52. DB Ashton if I may...I'm sure there were plenty of men that were aggressive and abrasive occupying the same role Ms. Emerson did. She had to be doubly tough to get through the resistance and misogyny of her time to do what she did. She was not there to make friends or make nice, she was there to do a job. I've noticed (even today) women are socialized to smooth out rough situations and to make nice as part and parcel of their lot in life. She broke that mold and told people her opinions, even if unpopular. That would definitely rankle men of your era as somewhere deep down inside you judged her as breaking with her innate social contract. I applaud her bravery and courage in the face of huge social obstacles, not the least of which were condemnations from within her own ranks. Not an easy role to play. She had an opinion and she was entitled to it. She was entitled to speak it even if others disapproved. She was born with a voice. We could all learn a lesson from her bravery.

  53. Ave & Brava...

  54. "Kate remained single..." America, Kate remained singular!

  55. Oriana Fallaci?

  56. I must add that women have contributed enormously to our knowledge of war in other ways as well. Women have been fantastic HISTORIANS of war and have conveyed the collosal stupidity of war in excruciating detail. One of these female historians may have played a part in AVERTING NUCLEAR WAR at the time of the Cuban missile crisis. BARBARA TUCHMAN wrote a history of World War One entitled "The Guns of August." President Kennedy read it shorly before the Cuban Missile crisis. He was struck by Europe's mindless descent into barbarity. Among other things, on the eve of the war, the ordinarily irate and aggressive Kaiser Wilhelm considered not commencing war. But he was advised that the troops trains were heading toward the frontiers and that it would have been a headache to call it off. So the war that was supposed to end by Chistmas lasted for more than 4 years and its wake came men like Adolf Hitler. During the Cuban missile crisis, most of Kennedy's advisors, and most Generals, thought that we should bomb the missile sites by surprise. If we had done that we may have all come to ashes: About ten years ago Kruschev's son said that some of the missiles were already activated. If we did not get every missile on a first strike, the remaining missiles sites would have rained nuclear hell on American cities. But this did not happen, President Kennedy, thanks to the female historian Barbara Tuchman, was struck by the stupidity of WW1 and armageddon was averted.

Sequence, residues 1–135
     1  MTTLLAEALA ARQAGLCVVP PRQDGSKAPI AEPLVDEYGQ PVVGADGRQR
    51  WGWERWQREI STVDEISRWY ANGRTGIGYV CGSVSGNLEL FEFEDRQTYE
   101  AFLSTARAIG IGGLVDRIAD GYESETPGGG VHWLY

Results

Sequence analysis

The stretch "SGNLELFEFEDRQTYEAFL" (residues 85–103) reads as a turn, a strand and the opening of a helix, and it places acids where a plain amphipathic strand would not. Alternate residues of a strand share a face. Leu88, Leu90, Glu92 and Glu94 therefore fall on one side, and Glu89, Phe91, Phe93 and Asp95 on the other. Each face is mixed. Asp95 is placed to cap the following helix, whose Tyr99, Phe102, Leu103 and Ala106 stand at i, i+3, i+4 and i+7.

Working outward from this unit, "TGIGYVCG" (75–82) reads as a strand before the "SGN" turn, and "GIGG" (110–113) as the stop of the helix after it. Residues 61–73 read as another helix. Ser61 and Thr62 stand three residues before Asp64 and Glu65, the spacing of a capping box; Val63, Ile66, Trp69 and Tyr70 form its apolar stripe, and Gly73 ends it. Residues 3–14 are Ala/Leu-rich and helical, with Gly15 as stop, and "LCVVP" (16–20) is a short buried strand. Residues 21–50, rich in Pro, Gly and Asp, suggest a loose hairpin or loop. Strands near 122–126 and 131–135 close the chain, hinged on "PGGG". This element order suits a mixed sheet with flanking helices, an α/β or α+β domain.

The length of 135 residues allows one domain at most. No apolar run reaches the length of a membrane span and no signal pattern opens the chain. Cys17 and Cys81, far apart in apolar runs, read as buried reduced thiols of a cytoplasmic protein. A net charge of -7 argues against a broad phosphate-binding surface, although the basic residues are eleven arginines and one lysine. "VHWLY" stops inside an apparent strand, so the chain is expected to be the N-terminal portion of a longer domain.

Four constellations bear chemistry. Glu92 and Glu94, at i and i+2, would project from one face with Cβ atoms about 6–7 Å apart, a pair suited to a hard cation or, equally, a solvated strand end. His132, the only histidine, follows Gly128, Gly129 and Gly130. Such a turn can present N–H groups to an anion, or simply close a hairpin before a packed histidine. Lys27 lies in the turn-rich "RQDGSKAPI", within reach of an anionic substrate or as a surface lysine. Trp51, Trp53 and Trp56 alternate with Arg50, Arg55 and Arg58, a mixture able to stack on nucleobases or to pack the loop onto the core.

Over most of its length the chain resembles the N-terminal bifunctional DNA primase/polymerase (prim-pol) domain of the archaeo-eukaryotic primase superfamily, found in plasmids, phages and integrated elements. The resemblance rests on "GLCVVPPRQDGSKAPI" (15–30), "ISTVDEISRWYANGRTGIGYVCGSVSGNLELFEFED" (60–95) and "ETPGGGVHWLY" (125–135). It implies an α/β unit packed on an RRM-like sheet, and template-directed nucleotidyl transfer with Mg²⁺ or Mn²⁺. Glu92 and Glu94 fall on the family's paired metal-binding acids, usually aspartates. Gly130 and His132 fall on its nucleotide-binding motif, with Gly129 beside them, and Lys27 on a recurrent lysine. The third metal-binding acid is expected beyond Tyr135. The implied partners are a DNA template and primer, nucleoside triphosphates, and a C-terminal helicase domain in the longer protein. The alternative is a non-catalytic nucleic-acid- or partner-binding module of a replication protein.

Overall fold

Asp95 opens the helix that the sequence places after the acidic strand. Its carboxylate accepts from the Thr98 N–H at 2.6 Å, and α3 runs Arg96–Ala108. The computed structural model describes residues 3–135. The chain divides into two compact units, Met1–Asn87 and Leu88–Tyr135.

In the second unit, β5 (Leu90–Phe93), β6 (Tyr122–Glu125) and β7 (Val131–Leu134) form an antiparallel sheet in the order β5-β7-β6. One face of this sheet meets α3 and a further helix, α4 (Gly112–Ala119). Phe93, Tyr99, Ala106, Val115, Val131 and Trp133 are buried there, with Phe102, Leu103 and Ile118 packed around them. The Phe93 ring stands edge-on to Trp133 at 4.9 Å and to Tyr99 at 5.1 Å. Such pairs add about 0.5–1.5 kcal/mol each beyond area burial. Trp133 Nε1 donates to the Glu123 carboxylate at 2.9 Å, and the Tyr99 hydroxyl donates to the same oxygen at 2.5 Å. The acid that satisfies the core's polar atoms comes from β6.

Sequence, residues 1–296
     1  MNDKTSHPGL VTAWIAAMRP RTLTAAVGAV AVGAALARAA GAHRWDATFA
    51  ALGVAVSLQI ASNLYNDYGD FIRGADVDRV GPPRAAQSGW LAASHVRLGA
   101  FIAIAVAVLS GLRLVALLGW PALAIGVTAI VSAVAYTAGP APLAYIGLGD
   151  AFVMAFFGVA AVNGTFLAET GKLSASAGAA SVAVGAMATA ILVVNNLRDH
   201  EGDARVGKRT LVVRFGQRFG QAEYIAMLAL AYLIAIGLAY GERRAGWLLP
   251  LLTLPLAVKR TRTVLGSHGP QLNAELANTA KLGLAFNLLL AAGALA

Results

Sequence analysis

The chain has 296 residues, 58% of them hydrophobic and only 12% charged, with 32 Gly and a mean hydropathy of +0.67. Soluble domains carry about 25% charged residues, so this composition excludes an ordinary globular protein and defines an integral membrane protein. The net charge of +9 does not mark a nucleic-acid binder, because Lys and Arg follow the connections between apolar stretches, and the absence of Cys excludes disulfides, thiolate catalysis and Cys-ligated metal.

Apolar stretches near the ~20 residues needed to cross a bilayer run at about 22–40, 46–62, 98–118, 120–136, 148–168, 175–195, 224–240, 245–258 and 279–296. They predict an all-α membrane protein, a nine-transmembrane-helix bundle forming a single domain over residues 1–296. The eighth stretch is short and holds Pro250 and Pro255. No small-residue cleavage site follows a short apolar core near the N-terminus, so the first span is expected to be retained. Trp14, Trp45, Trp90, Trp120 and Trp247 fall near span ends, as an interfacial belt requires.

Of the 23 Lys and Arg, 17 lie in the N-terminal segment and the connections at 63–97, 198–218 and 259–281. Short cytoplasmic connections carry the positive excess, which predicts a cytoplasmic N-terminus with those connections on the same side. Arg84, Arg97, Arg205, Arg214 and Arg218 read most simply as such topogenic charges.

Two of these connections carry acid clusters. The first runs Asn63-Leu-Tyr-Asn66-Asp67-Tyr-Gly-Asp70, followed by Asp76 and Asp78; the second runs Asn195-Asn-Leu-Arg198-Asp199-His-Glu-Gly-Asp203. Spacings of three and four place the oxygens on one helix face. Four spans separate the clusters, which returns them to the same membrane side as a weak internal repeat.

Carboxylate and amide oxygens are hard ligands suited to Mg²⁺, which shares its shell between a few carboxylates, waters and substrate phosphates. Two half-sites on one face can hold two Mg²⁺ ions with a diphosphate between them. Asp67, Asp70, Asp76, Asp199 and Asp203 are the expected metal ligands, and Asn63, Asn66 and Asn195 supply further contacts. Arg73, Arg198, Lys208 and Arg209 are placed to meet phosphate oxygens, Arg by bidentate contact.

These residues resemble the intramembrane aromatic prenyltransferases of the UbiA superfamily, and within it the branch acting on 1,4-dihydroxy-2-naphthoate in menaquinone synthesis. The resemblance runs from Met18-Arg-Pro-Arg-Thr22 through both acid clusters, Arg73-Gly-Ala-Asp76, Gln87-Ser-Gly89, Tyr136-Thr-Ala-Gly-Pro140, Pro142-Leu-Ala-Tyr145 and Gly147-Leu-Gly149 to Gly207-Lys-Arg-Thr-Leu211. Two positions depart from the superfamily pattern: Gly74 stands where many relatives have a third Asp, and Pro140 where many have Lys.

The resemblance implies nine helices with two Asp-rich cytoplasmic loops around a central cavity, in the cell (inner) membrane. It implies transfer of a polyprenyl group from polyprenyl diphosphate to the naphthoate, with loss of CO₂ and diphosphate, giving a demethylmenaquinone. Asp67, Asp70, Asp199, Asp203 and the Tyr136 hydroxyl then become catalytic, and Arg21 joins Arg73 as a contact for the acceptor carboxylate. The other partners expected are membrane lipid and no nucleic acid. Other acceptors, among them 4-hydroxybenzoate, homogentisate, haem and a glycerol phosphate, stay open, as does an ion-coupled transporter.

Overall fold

57. Quick! Send a copy to Trump and hire someone to read it aloud to him!

  58. Donald Trump has probably never heard of "The Guns of August" let alone read it.....or be able to read it. Thanks for your meaningful comment and the credence behind it. MIMA

  59. David G, "So the war that was supposed to end by Chistmas lasted for more than 4 years and its wake came men like Adolf Hitler." And the war where the Iraqis would greet us as liberators and would be short (just like the war in Afghanistan) and has lasted for now 14 years. And in its wake came men like Donald Trump and his cabinet of wolves.

  60. Thank you for this wonderful article and reminder of brave people with big hearts.

  61. If you'd like to read more on this theme, try "War Torn" by Gloria Emerson and let me give a shout-out to Laura Palmer.

  62. Ms Scott: I'd like to add Gloria Emerson's "Winners and Losers" to the conversation; along with Halberstam's "The Best and the Brightest," it shows the rot from the beginning to the end of our involvement in Vietnam. And, yes, cheers to Laura Palmer. On Alex Gibney's recent documentary on Rolling Stone for HBO, her work from Vietnam was not included. SAD!!